You need to know about Roy Eldridge, if you don’t know of him already. He’s one of the most important trumpeters of the swing era and his musical ideas were a precursor to the bebop revolution that was just around the corner. Eldridge’s use of tritone substitutions and other harmonic concepts made him the perfect mentor for Dizzy Gillespie, who would go on to create bebop with Charlie Parker and others. Check out his discography.
Roy Eldridge had to put up with some awful treatment to play the trumpet at the level he played it. He was a member of both Gene Krupa’s band and Artie Shaw’s small group at a time (1930s) when it was actually illegal for black and white folks to play in the same group. Outrageous! Check it (from Wikipedia):
Artie Shaw commented on the difficulty Roy had in his band, noting that “Droves of people would ask him for his autograph at the end of the night, but later, on the bus, he wouldn’t be able to get off and buy a hamburger with the guys in the band.” Krupa, on at least one occasion, spent several hours in jail and paid fines for starting a fistfight with a restaurant manager who refused to let Eldridge eat with the rest of the band.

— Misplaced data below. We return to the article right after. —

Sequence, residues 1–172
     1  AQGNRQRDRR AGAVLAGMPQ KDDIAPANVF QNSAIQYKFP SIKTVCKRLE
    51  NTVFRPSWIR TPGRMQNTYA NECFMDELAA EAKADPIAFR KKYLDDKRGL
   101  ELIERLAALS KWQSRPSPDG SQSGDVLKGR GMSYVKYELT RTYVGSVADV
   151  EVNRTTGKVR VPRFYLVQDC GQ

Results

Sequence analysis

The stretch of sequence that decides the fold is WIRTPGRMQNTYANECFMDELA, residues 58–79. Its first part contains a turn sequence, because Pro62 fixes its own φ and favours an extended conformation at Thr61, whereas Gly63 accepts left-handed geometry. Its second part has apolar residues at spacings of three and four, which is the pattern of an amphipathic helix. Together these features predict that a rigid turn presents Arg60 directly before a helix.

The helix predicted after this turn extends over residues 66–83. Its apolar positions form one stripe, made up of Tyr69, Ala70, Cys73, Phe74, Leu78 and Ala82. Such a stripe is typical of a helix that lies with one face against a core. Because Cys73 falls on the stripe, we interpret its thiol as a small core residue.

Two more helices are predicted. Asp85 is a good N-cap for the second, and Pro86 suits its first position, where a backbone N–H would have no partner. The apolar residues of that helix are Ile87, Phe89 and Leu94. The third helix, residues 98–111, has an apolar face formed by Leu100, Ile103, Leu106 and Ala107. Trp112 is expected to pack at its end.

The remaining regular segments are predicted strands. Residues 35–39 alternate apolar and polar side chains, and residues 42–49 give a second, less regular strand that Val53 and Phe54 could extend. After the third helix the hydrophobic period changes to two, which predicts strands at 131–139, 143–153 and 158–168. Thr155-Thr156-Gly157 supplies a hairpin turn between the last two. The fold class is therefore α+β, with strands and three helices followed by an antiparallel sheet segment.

Here’s “Little Jazz” in 1957 playing Willow Weep for Me for a Jazz at the Philharmonic concert with Oscar Peterson Trio. Some great closeups!
Want to learn how to play better? Curious about mutes? Transposing parts? Anything else trumpet-related? Get yourself a copy of Sound the Trumpet: How to Blow Your Own Horn. If you’re just starting out, have a few years in, or are just getting back to the horn, the book will help.
Even better, learn to practice so you can get as good as these players. Just published, The Practice of Practice is a great place to start. Both are available world-wide. See the links to the right if you live outside the United States.